In Memory of W. B. Yeats

by W. H. Auden

Start Free Trial

Summarize and analyze each stanza of Auden's "In Memory of W.B. Yeats". Who are the "rich women" and "dogs"?

Expert Answers

An illustration of the letter 'A' in a speech bubbles

It sounds like you're writing an essay on this poem, which is a lament, or elegy, by W.H. Auden for the Irish poet W.B. Yeats. It's a big poem, but I'll try to get you started on your answer, and make sure you understand the parts you're unclear on.

The poem is, of course, divided into stanzas, but it is also broken into three sections, which is a more useful way to look at it. Traditionally, all elegies are in three sections: a lament for the dead; a section praising the dead; and a section consoling the reader. Auden's poem follows this structure.

Part I ("he disappeared in the dead of winter") uses pathetic fallacy to demonstrate how all of nature mourned the "dark cold day" of Yeats's death. The cold and the snow that lay on earth represent the feeling of coldness that came over all as a reaction to Yeat's death.

There is an element of consolation creeping into this section—"the wolves ran on through the evergreen forests"—suggesting that not the entire world was affected by this one death. But Auden refocuses the reader on the poem's subject: "for him it was his last afternoon as himself." He uses metaphor to depict Yeats as a city whose "provinces" revolted and "squares became empty." As he died, "silence invaded the suburbs" and the city of the poet was emptied.

Instead of being contained as himself, then, Yeats is now "scattered among a hundred cities," seemingly a suggestion that the constitutent parts of his soul have been divided up among others. He "became his admirers" in that all he believed lives on only in them, now, not in him. Auden uses anaphora to enumerate the many who will "think of this day" in the future as a sad day, the repeated "and" serving to demonstrate just how many lament Yeats's death.

Part II is notably brief. It describes Yeats succinctly as "silly like us," and emphasizes the key point that "your gift survived it all." When Auden mentions "the parish of rich women" here, he is referring to the upper class women (grouped as a "parish") who misinterpreted or misunderstood Yeats, particularly those in "mad Ireland" who could not understand Yeats's position on the Irish question. Yeats's poetry, Auden says in this stanza, was caused by his beliefs, by his "hurt," and will survive him; but it is not poetry that makes things happen, but the things that happen to us which make poetry happen.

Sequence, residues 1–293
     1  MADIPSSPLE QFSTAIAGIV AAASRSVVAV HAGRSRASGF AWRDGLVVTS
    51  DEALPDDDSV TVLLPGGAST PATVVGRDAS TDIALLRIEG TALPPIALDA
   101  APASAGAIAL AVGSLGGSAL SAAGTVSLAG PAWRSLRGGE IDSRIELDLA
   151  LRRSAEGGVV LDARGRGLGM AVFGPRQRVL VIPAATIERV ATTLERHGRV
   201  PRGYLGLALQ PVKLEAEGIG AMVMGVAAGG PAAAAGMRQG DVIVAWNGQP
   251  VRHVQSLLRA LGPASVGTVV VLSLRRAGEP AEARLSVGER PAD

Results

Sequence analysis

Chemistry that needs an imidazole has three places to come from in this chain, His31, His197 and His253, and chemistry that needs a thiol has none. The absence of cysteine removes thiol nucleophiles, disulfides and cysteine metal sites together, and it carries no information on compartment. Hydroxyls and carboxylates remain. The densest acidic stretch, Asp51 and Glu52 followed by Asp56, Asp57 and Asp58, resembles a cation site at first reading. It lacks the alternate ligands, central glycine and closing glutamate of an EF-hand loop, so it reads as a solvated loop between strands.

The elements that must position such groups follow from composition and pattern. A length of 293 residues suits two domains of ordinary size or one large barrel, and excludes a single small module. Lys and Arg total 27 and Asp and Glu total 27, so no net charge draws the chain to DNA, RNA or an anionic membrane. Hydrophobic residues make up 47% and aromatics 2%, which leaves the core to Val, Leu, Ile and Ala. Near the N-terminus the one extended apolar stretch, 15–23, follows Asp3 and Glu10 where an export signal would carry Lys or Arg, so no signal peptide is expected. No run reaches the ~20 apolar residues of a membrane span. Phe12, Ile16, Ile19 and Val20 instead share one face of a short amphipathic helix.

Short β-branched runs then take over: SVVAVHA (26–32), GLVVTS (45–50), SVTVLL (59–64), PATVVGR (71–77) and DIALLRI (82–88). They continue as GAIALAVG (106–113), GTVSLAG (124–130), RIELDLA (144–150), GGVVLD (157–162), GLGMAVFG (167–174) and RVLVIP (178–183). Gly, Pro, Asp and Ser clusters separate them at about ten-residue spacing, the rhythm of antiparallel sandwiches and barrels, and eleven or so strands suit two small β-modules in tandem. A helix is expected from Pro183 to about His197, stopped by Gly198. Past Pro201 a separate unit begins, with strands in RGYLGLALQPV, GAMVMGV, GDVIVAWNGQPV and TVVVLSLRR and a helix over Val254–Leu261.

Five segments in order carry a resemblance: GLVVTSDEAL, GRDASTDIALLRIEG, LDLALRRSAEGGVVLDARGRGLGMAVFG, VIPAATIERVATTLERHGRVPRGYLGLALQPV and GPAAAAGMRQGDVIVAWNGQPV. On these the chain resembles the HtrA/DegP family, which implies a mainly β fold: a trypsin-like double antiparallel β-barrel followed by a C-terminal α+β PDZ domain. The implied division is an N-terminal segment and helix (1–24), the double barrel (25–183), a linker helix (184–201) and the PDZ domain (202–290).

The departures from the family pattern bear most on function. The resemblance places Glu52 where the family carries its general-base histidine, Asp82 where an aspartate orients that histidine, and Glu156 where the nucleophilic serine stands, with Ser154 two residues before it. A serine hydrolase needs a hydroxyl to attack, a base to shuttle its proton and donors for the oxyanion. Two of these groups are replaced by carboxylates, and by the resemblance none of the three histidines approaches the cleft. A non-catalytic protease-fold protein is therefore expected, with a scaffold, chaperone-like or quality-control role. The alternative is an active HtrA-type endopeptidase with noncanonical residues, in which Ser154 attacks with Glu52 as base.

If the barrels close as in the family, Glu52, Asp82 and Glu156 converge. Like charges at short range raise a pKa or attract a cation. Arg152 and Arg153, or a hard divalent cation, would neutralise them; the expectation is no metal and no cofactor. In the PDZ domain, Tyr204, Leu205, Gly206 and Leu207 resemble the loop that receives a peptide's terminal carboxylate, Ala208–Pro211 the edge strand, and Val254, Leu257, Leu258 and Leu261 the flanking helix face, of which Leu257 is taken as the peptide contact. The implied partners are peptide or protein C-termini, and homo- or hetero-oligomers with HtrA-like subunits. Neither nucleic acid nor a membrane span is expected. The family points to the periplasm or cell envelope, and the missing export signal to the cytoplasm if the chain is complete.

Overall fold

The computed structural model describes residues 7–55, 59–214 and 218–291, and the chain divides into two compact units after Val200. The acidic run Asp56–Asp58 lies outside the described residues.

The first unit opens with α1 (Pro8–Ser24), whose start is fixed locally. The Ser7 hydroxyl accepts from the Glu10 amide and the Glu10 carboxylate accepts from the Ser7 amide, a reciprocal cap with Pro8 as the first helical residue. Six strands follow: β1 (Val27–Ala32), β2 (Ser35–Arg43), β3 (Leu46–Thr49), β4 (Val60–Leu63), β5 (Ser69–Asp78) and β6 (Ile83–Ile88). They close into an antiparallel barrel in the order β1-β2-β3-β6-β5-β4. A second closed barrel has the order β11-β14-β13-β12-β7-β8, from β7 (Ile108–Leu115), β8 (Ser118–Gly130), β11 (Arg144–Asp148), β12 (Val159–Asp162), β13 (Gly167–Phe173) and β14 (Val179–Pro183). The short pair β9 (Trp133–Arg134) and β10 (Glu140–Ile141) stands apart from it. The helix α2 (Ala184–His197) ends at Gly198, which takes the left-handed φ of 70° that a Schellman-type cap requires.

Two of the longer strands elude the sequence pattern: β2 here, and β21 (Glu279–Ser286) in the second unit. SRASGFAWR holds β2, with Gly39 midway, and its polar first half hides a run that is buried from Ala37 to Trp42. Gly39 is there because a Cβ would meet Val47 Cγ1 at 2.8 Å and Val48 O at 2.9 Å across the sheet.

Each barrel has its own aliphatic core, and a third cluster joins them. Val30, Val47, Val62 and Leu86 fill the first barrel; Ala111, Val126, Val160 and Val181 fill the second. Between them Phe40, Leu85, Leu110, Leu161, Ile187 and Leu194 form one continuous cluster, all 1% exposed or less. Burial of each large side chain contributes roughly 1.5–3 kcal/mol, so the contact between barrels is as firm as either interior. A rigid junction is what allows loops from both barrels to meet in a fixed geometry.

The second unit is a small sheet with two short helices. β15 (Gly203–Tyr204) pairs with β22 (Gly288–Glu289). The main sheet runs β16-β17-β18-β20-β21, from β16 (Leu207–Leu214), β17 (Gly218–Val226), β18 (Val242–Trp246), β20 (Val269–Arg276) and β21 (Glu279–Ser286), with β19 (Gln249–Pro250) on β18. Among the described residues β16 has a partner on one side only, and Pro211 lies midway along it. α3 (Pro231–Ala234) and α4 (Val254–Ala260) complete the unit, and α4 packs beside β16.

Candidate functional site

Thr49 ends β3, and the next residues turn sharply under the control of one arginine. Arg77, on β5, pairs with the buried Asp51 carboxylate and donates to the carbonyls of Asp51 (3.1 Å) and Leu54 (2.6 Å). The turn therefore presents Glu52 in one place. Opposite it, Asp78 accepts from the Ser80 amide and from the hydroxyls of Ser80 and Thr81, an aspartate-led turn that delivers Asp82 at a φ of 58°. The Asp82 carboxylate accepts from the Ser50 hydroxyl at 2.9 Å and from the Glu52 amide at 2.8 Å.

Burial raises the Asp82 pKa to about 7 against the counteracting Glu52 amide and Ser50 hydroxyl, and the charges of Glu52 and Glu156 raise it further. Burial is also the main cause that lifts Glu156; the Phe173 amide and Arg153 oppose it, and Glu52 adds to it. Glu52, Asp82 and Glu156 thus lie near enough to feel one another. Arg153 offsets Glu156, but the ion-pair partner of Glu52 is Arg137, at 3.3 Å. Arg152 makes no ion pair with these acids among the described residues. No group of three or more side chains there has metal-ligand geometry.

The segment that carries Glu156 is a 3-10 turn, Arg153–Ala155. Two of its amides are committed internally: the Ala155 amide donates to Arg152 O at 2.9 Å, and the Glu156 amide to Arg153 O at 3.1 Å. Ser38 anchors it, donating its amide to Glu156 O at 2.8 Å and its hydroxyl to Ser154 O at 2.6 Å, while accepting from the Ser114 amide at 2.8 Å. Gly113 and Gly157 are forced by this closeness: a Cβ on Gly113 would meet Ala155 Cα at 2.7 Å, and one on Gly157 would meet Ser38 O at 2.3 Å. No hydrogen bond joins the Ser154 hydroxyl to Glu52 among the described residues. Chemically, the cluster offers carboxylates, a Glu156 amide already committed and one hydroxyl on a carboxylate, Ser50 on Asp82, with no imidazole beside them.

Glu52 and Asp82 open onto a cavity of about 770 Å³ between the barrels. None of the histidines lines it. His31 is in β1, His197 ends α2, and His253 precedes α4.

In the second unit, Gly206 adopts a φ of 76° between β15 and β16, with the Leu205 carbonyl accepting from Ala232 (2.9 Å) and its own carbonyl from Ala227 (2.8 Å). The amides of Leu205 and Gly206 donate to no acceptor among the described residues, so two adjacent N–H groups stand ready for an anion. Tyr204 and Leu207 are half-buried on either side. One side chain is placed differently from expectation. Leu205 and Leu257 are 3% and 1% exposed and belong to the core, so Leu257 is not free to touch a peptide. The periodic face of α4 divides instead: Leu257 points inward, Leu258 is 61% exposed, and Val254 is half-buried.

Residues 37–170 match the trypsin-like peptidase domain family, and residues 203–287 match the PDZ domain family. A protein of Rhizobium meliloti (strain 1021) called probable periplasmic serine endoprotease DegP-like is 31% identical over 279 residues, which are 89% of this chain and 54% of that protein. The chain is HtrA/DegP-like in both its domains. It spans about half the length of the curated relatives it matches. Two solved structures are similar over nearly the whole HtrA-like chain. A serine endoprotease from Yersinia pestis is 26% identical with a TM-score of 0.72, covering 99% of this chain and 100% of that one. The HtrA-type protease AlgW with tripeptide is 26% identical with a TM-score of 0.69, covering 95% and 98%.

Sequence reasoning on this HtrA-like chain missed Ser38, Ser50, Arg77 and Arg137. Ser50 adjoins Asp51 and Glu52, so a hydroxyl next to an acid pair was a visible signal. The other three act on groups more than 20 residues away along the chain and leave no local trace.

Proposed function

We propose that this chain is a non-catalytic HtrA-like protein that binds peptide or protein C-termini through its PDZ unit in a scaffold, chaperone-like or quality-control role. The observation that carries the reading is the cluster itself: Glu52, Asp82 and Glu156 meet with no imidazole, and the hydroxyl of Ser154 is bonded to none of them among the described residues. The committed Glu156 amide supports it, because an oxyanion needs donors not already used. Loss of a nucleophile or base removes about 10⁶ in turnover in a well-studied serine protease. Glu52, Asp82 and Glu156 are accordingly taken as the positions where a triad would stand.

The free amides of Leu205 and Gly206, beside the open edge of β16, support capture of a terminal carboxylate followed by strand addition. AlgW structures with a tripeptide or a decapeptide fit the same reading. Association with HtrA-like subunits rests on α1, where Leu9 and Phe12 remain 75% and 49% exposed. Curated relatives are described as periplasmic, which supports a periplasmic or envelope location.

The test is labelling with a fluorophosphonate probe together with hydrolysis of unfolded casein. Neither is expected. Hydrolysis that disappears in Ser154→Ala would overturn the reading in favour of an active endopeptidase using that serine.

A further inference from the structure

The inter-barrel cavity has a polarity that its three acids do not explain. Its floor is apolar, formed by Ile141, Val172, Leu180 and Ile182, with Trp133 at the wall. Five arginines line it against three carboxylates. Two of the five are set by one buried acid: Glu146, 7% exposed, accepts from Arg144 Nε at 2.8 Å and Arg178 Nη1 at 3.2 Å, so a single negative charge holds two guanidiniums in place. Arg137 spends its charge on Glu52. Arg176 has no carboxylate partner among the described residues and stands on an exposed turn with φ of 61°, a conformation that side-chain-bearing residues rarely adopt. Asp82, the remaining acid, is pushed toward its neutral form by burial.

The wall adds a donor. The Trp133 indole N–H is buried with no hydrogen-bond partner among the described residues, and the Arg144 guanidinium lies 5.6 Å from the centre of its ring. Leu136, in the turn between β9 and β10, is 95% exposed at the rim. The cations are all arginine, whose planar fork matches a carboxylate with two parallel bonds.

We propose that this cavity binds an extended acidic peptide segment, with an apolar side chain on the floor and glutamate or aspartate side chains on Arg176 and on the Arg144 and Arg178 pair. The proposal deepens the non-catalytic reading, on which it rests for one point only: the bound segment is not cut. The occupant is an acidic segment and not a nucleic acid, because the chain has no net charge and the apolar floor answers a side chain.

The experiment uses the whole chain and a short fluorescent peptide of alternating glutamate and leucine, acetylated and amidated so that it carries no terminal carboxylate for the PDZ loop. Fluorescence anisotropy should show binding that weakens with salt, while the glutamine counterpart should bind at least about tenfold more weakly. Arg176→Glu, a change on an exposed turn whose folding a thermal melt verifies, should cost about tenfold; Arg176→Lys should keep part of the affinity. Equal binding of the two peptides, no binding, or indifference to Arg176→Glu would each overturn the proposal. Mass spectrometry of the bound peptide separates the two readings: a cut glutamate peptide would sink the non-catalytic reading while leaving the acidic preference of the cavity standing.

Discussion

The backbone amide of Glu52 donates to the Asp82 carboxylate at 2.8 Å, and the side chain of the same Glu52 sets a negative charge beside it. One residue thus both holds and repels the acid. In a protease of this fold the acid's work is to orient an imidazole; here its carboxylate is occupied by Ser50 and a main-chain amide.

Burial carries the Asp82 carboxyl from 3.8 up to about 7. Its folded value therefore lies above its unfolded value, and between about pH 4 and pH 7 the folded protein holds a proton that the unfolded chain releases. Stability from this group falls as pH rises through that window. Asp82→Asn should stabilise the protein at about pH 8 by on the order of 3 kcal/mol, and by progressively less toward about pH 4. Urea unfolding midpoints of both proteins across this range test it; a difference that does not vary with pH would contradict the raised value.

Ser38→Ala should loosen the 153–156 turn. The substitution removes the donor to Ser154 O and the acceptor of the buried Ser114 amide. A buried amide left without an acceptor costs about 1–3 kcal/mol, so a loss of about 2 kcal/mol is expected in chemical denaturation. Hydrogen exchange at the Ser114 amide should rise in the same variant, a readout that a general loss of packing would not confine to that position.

In Part III, the consolation, the structure and meter echoes a funeral eulogy or memorial poem on a gravestone: "William Yeats is laid to rest." As a consoling section, this one is interesting because it emphasizes the "nightmare of the dark" in which Europe is lying, "sequestered in its hate." By "the dogs of Europe," Auden is referring to the warring nations who, at the time of writing (1940) were launching into World War Two. Where Auden finds consolation is in the plea that the "poet" will still "with your unconstraining voice" persuade us that it is still possible to "rejoice." Though Yeats may be dead, and "human unsuccess" rife, Auden prays that the "healing fountain" will start up in the current state of chaos, and memory of Yeats's poetry will "teach the free man how to praise."

I think I've covered all the lines you've asked about specifically, although my copy of the poem isn't numbered. Hopefully this gives you a good starting point.

See eNotes Ad-Free

Start your 48-hour free trial to get access to more than 30,000 additional guides and more than 350,000 Homework Help questions answered by our experts.

Get 48 Hours Free Access
Approved by eNotes Editorial